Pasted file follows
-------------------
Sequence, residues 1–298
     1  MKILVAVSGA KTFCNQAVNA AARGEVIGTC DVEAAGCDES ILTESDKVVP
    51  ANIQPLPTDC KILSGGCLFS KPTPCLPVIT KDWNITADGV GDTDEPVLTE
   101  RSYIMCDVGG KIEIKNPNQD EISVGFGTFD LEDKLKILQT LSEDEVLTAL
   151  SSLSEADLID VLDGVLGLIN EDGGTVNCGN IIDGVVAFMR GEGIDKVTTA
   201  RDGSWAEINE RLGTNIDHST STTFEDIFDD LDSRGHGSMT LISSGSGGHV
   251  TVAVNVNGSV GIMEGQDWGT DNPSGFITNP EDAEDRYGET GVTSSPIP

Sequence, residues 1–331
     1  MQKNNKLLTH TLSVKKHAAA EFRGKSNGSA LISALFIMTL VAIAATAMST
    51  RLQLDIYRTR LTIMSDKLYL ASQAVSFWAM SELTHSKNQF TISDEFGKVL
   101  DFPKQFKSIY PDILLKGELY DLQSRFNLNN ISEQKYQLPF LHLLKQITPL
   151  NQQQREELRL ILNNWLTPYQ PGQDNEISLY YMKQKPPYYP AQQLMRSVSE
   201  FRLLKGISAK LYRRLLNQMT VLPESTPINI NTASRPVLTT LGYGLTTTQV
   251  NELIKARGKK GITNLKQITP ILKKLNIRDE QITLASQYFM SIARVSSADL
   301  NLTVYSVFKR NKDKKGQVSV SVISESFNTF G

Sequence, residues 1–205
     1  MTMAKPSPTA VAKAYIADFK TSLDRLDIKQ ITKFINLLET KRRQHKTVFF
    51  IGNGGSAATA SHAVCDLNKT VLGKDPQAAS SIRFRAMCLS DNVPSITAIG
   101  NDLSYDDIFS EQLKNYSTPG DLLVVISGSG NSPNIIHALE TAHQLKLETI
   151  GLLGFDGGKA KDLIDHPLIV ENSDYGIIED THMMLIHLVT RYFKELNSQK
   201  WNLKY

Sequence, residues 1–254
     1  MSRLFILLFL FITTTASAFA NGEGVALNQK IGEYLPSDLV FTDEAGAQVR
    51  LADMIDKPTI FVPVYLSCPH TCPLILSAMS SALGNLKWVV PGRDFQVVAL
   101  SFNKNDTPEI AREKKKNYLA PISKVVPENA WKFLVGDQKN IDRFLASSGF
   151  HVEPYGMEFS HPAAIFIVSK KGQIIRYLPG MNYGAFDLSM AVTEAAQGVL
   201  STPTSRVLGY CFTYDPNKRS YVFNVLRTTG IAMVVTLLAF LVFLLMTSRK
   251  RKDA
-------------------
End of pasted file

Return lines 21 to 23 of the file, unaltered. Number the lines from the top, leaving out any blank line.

   201  WNLKY

Sequence, residues 1–254
     1  MSRLFILLFL FITTTASAFA NGEGVALNQK IGEYLPSDLV FTDEAGAQVR